(WXYZ) - While the nation pauses and remembers the tragic events that took place on September 11, 2001, for Americans remembering has become a way of life.
The attacks spawned the war on terror and now nearly a decade later. Members of the military continue to put their lives on the line in hopes of preventing another attack.
There's a saying in the military, “Ours’ is not to reason why, Ours’ is but to do or die.” When you’re given an order you follow it, whether you like it or not.
But when the terrorist attacked America and our way of life, there were men and women lining up to be told where to go and what to do.
Just about anyone old enough to remember the date September 11th, 2001, remembers where they were and what they were doing when the attack began.
“There was a commotion downstairs and some of the men were saying the World Trade Center's been hit,” says Nathan Boychuck. “The hair on the back of my neck kind of stood up, so I was thinking, ‘Oh wow, we're under attack.’"
At the time, Boychuck was an electrician living his version of the American dream. He didn't have to join the military - the attacks compelled him to do just that.
He says, “My pride, my patriotism took over and that's when I walked into the Marine Corps recruiting office and signed up.”
Since enlisting Boychuck has been to Iraq twice. He’s now a Sergeant, serving as a recruiter, helping the next round of men and women answer the call of duty. Of course there are those who answered the call literally.
Dave Hoger remembers, "I'm thinking it was later on that day at work. I received a call at work. He talked to me and he told me to be prepared, to get ready we're going to be meeting at the armory.”
Hoger was honorably discharged from the army a decade prior to the attacks. On September 11th, 2001 he was a member of the National Guard, a branch of the military that had not historically engaged in conflicts over seas.
“We're supposed to stay home for tornados, floods, anything to help out with in the state where you live,” Hoger says.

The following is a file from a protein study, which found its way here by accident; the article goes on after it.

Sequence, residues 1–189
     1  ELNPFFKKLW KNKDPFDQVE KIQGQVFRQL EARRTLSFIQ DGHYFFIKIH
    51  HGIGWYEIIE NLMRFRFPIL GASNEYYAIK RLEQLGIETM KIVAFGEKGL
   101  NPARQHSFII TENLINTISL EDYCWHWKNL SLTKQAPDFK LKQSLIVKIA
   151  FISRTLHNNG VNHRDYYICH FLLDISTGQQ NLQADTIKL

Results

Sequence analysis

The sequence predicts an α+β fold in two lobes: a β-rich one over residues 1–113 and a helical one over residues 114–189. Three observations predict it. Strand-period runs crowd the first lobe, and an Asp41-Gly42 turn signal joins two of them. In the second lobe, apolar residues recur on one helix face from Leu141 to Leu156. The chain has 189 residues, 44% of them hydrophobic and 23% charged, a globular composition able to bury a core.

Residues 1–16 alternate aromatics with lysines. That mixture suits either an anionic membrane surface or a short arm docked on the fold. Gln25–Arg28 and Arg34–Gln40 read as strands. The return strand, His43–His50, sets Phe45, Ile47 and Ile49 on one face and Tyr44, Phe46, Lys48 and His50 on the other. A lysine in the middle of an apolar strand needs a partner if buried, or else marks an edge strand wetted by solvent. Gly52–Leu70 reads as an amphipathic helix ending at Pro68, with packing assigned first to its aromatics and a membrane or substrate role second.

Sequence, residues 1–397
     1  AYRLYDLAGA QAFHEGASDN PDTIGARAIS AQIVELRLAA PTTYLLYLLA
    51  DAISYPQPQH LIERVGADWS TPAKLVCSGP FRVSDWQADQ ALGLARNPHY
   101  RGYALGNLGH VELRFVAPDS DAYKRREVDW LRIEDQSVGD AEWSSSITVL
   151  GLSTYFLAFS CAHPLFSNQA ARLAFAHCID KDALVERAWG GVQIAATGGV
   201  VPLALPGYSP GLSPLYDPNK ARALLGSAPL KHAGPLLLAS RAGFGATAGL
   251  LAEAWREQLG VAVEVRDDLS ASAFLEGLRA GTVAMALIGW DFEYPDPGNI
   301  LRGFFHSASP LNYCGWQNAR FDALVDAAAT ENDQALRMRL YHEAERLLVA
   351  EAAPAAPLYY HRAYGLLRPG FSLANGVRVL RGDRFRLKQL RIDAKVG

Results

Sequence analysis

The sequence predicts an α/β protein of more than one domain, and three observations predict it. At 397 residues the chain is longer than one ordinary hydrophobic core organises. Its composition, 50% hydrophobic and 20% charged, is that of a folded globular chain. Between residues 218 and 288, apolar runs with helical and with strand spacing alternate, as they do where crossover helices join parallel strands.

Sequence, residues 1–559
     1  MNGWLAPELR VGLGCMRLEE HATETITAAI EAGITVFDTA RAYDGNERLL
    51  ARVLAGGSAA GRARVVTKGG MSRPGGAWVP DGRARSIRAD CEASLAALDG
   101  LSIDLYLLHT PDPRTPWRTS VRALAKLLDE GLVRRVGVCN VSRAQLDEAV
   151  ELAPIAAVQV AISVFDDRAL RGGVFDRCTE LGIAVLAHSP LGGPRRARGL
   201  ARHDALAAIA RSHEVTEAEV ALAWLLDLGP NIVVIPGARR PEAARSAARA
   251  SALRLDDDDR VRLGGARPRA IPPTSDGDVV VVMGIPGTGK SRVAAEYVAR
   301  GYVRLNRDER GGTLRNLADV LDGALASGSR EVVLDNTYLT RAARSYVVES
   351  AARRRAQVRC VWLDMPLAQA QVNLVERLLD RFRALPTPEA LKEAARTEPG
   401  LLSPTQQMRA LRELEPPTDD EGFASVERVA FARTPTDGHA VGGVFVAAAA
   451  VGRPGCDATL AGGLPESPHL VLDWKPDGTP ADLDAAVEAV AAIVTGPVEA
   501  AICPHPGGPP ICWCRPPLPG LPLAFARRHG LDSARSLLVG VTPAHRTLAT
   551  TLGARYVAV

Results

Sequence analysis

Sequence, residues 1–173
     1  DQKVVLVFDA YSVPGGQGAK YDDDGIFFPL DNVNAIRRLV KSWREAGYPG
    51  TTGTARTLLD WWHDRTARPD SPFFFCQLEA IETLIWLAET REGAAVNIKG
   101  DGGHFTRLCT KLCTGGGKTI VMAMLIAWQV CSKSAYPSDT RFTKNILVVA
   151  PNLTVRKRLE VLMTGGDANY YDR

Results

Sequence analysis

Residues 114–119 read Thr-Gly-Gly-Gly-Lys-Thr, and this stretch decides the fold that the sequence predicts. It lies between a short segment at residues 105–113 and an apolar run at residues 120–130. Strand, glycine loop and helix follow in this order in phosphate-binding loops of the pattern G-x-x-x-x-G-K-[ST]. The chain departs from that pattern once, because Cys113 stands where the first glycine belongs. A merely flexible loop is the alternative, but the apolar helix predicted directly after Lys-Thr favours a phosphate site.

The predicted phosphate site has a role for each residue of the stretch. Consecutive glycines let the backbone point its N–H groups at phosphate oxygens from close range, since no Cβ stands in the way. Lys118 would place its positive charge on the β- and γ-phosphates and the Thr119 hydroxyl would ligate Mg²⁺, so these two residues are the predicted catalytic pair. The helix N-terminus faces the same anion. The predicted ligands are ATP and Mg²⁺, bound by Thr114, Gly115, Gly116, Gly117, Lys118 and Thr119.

But 9/11 changed that and Hoger says he didn't have a problem with it.
"They came from the air and they came at Washington and all these different things took place and in my heart was - I wanted to be there,” he says.
At the time, Hoger was working in the flooring industry. But as he watched those planes hit the World Trade Center he knew he had more important work to do.
He says, “I definitely wanted to be part of it, regardless of the outcome, I wanted to be there.”
He would get the opportunity, but in the course of defending the nation, He suffered a debilitating brain injury when an IED went off near his vehicle.
Hoger says, “I moved the steering wheel to the front windshield with my body and with my head, I shattered a bullet proof glass windshield.”
Dave’s lucky to be alive and he knows that. But there’s a part of him that still wants to be back in fight and he couldn't be happier that the mastermind behind the attacks has breathed his last breath.
He says, "He can't come at us from the bottom of the ocean where they threw him overboard”.
The Sunday will mark the ten year anniversary of those vicious attacks and since they occurred, other than the victims and their families, no other group has been affected more by the events that took place 10 years ago than the American military who continue to fight the war on terror.
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